Five States Saw Uninsured Rates Rise for Kids Under 6 – Critical Early Development Years at Risk

We have been digging deeper into the American Community Survey that we use for our annual uninsured report, which showed an increase overall for the first time since this data source began in 2008.

Younger kids tend to have a higher rate of coverage than older kids, which makes sense as infants and toddlers are constantly interacting with the health system in most parents’ experience. Immunizations, well baby, and well child visits are critical to addressing any issues early on and focusing on prevention.

However, as Figure 6 shows, there was a statistically significant increase in both groups of kids: those under 6 and those between six and 18.

When we checked out this trend by state, we found that five states (including a few biggies) were leading the way on this most unfortunate trend with statistically significant increases for the rise in uninsured kids under 6. In alphabetical order they are Florida, Kentucky, Montana, New York and Tennessee.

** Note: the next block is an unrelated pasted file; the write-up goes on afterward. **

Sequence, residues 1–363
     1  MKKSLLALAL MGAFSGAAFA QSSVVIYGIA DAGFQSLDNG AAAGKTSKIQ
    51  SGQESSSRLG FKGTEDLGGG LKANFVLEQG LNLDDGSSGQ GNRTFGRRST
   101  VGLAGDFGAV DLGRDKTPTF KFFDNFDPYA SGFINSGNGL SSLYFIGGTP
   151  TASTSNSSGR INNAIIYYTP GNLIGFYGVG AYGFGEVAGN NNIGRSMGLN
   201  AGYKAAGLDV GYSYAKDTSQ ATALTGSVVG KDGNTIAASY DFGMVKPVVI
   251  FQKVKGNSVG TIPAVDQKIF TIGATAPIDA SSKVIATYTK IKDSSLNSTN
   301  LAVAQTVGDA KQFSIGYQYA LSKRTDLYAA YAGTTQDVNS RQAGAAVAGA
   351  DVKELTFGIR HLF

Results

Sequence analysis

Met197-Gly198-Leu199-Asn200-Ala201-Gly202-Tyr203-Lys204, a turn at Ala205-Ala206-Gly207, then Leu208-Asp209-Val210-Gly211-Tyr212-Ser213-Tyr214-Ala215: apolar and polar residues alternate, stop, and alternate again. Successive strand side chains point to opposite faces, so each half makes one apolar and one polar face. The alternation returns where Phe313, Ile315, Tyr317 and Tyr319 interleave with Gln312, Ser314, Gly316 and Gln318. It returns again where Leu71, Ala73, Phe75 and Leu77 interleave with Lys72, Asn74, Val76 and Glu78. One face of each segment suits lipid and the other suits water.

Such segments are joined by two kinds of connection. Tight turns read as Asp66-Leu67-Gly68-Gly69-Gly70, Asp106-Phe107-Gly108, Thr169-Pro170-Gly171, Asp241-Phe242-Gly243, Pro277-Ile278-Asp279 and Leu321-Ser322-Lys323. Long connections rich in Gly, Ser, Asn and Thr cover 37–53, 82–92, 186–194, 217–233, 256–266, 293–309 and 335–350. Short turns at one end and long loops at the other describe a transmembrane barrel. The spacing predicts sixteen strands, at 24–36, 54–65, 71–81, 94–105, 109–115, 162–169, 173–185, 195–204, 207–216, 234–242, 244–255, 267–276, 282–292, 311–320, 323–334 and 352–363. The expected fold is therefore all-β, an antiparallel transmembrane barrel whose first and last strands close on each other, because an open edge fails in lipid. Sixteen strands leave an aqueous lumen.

You can see how your state did here. And my colleagues Maggie Clark and Elisabeth Burak will be blogging soon to unpack what the implications of this troubling trend are.

Joan Alker
Joan Alker is the Executive Director of the Center for Children and Families and a Research Professor at the Georgetown McCourt School of Public Policy